It was false bravado of the highest order.
"I was left standing there thinking 'I've smashed open a hornet's nest here, what am I going to do?'" Waugh recalled.
"It's on TV, there are millions of people watching, you can't look like a coward and back away now. You've got to stand there and pretend you're tough.
"(After the first bouncer) I was hoping and praying that Richie Richardson was going to come in and pull him away because he was far too big for me."
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Waugh played and missed at the final ball of the over, triggering another glare from Ambrose, another rousing cheer from the heaving crowd and leading Cozier to utter those memorable words.
The Australian stood firm until the very end, finishing unbeaten on 63 after more than three hours at the crease, but Ambrose's five-wicket haul helped rout the visitors for just 128.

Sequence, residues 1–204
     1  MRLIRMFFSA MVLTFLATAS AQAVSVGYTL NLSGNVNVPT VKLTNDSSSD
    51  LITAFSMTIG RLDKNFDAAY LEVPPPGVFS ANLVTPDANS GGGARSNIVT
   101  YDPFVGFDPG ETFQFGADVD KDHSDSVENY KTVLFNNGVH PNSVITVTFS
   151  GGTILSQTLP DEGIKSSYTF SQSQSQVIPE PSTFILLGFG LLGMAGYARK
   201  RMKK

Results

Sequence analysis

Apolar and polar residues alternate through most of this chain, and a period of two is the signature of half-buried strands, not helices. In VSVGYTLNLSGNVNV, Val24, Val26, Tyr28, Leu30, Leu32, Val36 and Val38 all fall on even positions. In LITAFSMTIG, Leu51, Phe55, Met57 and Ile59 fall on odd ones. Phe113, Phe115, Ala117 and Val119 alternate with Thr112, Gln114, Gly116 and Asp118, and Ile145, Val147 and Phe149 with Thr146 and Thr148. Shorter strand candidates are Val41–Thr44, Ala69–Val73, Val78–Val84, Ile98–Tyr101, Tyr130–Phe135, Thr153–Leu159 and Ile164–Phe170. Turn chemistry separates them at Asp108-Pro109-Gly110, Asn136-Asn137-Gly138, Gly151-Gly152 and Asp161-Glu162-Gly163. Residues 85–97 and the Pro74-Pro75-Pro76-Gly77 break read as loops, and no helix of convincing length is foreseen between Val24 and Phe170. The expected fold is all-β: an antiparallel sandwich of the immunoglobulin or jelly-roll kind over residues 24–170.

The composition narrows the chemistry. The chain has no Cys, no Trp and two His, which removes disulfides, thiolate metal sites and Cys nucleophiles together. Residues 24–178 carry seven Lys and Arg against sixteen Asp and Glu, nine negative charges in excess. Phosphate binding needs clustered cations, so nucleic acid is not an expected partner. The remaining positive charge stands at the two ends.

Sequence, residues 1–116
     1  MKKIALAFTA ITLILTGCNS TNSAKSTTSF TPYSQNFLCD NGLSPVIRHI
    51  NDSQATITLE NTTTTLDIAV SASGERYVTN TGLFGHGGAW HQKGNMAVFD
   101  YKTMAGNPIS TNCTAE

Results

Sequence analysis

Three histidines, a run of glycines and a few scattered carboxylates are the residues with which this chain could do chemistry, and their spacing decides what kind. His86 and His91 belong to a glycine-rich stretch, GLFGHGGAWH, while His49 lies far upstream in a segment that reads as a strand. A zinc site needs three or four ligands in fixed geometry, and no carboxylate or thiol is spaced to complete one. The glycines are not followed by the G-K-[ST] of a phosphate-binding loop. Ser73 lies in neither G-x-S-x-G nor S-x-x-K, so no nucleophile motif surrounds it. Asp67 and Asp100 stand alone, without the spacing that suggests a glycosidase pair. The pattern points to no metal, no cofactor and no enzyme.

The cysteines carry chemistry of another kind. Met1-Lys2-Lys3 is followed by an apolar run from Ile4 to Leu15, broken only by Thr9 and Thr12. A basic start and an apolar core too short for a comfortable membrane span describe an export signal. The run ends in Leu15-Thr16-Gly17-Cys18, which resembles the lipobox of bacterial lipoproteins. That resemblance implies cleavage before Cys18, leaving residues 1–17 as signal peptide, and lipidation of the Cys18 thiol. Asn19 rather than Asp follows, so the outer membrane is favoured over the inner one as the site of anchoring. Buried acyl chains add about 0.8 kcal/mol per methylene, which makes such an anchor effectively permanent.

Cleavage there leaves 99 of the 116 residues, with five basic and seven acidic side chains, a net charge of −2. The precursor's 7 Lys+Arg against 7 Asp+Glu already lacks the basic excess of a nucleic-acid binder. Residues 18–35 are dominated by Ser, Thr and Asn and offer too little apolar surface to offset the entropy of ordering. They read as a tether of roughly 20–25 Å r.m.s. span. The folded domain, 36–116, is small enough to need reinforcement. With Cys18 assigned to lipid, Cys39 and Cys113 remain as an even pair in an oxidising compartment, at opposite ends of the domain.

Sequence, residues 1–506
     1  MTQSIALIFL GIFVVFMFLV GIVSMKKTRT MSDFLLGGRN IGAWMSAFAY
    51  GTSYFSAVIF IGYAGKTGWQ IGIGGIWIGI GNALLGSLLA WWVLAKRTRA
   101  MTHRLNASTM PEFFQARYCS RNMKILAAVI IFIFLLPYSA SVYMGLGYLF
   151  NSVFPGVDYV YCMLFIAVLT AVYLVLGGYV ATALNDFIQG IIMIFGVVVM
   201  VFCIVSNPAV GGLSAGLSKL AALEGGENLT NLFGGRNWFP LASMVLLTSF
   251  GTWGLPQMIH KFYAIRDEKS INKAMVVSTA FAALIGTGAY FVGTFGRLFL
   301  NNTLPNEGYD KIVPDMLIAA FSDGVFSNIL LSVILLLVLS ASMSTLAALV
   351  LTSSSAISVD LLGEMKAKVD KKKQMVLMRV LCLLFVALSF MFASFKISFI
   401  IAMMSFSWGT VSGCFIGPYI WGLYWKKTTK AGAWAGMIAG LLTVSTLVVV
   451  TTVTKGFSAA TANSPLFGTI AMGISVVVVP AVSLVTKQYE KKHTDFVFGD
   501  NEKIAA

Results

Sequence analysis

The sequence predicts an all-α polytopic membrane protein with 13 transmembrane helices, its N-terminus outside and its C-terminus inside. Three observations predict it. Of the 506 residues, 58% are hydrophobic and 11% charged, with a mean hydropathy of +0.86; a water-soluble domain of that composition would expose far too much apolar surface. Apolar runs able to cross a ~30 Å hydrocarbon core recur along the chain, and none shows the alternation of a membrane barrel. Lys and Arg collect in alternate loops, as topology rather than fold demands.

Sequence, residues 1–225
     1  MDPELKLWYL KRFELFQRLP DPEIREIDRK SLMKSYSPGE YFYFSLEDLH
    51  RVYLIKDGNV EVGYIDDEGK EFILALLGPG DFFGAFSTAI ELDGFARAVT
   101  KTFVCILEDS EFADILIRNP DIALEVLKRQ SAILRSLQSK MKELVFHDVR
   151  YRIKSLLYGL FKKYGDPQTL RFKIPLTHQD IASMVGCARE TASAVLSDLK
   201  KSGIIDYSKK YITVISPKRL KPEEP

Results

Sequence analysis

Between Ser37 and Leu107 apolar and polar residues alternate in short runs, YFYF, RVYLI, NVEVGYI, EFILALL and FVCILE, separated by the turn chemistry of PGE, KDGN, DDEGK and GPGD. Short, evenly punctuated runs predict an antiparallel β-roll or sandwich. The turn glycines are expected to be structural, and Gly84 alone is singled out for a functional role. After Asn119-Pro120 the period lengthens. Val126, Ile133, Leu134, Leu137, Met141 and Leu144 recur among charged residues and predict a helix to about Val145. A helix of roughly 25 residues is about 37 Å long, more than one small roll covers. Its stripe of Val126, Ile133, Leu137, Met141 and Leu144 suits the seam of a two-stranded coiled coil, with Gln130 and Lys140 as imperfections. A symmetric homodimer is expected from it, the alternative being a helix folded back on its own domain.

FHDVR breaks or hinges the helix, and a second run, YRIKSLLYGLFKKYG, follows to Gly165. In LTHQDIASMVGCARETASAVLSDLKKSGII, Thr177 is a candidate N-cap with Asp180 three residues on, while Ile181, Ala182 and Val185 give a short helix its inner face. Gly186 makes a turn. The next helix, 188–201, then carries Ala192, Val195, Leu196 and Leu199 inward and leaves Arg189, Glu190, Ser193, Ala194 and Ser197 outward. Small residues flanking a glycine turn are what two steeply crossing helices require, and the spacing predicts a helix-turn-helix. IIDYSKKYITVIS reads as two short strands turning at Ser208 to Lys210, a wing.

Waugh had won the individual contest, but Ambrose and the Windies would finish the match triumphant.
The paceman finished with match figures of 9-65 as the home side won by nine wickets to level the series. Waugh's innings was the only half-century of a match that lasted just 163.5 overs.
It may have come in a losing cause, but Waugh's performance proved to be a turning point in his career.
He hit a double-century in the fourth Test in Jamaica the following week as Australia secured the victory they needed to win the Frank Worrell Trophy for the first time in 17 years.
It was Waugh's eighth hundred of a Test career that was already into its 10th year. In the ensuing nine years, he posted another 24 centuries at Test level.
His stand-off with Ambrose was theatre fit for a Hollywood blockbuster, and was described as such; Waugh later referenced Ambrose's "Clint Eastwood stare", while Wisden recalled that the Australian had "stood his ground like John Wayne".
And as forecast by Cozier at the time, it was a moment that is still being spoken about more than two decades later.